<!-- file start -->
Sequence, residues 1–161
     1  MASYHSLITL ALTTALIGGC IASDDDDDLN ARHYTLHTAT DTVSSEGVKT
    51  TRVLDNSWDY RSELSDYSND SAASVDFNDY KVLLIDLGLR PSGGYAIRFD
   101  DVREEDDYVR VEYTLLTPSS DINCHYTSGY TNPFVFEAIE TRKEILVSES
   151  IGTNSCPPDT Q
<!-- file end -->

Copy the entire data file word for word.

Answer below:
Sequence, residues 1–161
     1  MASYHSLITL ALTTALIGGC IASDDDDDLN ARHYTLHTAT DTVSSEGVKT
    51  TRVLDNSWDY RSELSDYSND SAASVDFNDY KVLLIDLGLR PSGGYAIRFD
   101  DVREEDDYVR VEYTLLTPSS DINCHYTSGY TNPFVFEAIE TRKEILVSES
   151  IGTNSCPPDT Q